Backroom talks between aid agencies and the government have resulted in a far-reaching
plan to better coordinate aid efforts to be launched at the Consultative Group (CG)
meeting on December 6 and 7.
A government document-which has been dubbed a "harmonization and alignment"
plan-was approved by the cabinet of the Council of Ministers on November 19 and will
see donors and the government working closer together under a single development
It was followed up on December 2 with the signing of a set of "partnership principles"
between 12 key donors and the government, committing all parties to carrying out
the harmonization plan.
The agreements are a sneak preview of how donors might live up to the tough talk
of the past few months after a series of scathing reports from organizations such
as USAID and the World Bank put an unprecedented amount of pressure on the Cambodian
government to achieve more with foreign loans and grants.
But donors say they are not considering cutting aid money to Cambodia despite admitting
that too little has been achieved from the estimated $3 billion in assistance contributed
over the last decade.
"There is no talk of cutting aid," said Nisha Agrawal, country manager
for the World Bank, which co-chairs the CG forum. "We are in this together."
The future of that partnership is explained in a draft copy of the Royal Government
of Cambodia's Action Plan for Harmonization and Alignment 2004-2008, obtained by
the Post from the World Bank.
Some of the major points of the harmonization plan include:
* Consolidating the existing National Poverty Reduction Scheme (NPRS) and Socio-Economic
Development Plan (SEDP) into one development blueprint that matches with the Millenium
Development Goals - to be called the National Strategic Development Plan 2006-2010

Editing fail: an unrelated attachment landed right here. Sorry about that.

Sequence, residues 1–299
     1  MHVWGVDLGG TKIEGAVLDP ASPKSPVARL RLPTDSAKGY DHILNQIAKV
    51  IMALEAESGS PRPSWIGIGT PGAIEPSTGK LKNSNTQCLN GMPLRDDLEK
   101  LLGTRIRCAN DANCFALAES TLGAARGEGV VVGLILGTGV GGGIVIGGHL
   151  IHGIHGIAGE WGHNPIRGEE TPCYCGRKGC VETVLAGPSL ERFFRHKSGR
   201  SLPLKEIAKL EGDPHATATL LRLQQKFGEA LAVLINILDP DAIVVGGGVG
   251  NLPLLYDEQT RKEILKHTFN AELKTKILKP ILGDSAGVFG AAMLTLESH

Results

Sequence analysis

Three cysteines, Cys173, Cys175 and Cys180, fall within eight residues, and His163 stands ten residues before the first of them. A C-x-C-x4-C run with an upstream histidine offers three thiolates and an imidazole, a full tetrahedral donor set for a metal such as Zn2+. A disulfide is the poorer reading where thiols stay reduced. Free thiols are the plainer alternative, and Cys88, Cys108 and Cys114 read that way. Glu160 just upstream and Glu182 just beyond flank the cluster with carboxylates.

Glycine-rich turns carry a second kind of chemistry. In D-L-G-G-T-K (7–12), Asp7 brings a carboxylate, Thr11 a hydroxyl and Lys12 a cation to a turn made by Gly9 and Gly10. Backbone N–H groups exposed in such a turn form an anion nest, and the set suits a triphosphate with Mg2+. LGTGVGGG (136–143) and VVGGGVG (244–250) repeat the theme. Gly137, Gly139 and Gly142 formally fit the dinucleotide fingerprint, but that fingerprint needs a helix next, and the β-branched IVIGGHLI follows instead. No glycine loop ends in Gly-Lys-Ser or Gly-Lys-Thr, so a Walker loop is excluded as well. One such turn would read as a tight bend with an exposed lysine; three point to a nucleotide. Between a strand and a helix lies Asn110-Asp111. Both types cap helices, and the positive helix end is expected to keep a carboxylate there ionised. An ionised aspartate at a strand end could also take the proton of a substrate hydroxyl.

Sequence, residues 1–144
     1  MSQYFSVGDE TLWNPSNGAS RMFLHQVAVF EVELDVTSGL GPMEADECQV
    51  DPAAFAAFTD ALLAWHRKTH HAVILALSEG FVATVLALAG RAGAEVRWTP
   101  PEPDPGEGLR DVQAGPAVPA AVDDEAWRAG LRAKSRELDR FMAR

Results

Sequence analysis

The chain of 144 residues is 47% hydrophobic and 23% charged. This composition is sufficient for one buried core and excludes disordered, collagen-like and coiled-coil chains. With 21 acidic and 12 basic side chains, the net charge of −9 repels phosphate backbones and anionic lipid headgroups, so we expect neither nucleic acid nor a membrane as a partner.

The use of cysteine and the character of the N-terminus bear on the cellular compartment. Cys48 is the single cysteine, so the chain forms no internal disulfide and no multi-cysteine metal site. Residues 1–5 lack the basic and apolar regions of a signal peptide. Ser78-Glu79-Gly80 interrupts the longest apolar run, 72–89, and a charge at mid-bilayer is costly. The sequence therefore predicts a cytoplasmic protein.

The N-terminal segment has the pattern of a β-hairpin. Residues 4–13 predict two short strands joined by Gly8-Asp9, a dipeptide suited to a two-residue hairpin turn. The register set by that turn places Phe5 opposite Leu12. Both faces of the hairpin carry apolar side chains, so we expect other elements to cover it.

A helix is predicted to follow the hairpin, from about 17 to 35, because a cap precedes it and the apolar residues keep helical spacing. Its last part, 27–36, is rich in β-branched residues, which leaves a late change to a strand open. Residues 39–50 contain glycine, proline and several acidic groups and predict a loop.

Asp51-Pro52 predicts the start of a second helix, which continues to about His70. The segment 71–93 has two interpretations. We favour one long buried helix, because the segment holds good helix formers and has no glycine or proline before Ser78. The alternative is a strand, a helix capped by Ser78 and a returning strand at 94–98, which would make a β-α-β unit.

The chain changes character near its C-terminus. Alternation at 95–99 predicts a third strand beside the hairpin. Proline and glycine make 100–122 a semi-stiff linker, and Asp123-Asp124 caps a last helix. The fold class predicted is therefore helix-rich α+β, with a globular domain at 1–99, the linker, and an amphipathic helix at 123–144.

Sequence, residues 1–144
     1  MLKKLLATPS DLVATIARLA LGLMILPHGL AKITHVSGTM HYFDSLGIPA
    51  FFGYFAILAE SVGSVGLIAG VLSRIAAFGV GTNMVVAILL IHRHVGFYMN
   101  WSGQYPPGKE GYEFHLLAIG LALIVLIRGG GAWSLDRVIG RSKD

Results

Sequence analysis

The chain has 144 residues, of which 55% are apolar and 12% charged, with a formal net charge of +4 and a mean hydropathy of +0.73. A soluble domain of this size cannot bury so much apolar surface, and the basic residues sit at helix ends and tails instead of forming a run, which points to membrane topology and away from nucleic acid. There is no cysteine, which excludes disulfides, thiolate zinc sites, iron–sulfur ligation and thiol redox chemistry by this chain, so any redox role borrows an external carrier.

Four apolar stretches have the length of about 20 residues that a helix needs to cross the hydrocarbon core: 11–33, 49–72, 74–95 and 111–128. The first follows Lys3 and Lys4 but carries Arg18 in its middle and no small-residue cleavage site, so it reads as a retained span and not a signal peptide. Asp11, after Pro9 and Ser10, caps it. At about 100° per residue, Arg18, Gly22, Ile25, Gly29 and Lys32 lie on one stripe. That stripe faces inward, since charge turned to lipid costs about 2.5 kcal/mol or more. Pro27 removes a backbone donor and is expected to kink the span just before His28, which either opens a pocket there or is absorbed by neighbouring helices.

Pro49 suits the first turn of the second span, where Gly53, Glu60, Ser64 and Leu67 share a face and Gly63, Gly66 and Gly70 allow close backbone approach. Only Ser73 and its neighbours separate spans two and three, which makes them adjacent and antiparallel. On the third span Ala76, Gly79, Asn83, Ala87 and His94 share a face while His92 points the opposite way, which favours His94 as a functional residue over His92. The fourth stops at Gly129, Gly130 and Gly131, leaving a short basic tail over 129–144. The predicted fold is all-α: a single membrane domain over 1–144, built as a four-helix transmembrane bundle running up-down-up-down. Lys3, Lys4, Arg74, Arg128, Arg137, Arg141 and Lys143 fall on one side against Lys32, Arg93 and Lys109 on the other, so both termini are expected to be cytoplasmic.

and approved by the National Assembly by December 2005
* Guidelines to be drafted on the payment of local and international project consultants
* Ministries and technical working groups (TWG) will review and make recommendations
for adjusting the mandate of government ministries
* All new donor activities to be peer reviewed by TWG to avoid duplication or gaps
* A phasing out of salary supplements to government employees by April 2005
The plan is part of a large push for increased donor-government cooperation agreed
upon by 47 major funding agencies and 28 partner countries, including Cambodia, at
a meeting in Rome in early 2003.
About 200 NGO representatives met on November 30 in Phnom Penh to present their recommendations
to the CG meeting on issues covering corruption, judicial reform, good governance
and rural livelihoods.
"Now the ball is in the donors' hands," said Kek Galabru, president of
human rights group Licadho. "If the donors want to help Cambodia, they need
to change their strategy,"
"They must have one voice and clear benchmarks," said Galabru, who outlined
her own set of benchmarks calling for the passing of many draft laws in the next
Oxfam Great Britain made a strong push for full disclosure of information about economic
land concessions, with many observers seeing this as a looming flash point for the
government if donors set it as a benchmark.
Both donors and the government appeared to be taking notice of the NGO input, with
Ich Sarou, deputy secretary general at the ministry of interior, and Agrawal, sitting
in the front row.
"We are going into this CG meeting wanting to 'transform promises and commitments
into actions and concrete outcomes'", said Agrawal, referring to the NGO meeting's
slogan for the day.
The civil society forum told Agrawal that the passage of a draft NGO law was less
other legislation and would benefit from more consultation with NGOs.
The donor community remains tight-lipped about this year's benchmarks, saying only
that they will be similar in number and format to what they were in 2002.
The opposition Sam Rainsy Party (SRP) weighed into the debate on December 2, fully
supporting the World Bank's stance and releasing its own recommendations to the CG
SRP called for the election of village chiefs, the inclusion of the opposition in
the National Assembly's parliamentary committees, the overhaul of the National Audit
Authority and National Election Committee and the creation of a Governance Council
to oversee aid efforts.
Under the SRP proposal, the Governance Council would be made up of representatives
of the government, legislative, judiciary, private sector, civil society and donors.
In a tongue-in-cheek show that little had changed after years of donor assistance,
Sam Rainsy re-released his 1995 "Appeal to the Public Opinion of the Donor Countries",
saying 90 percent of it still held true.
The CG meeting will be held on December 6 and 7 at the Government Palace on Sisowath
Boulevard, with proceedings broadcast on television.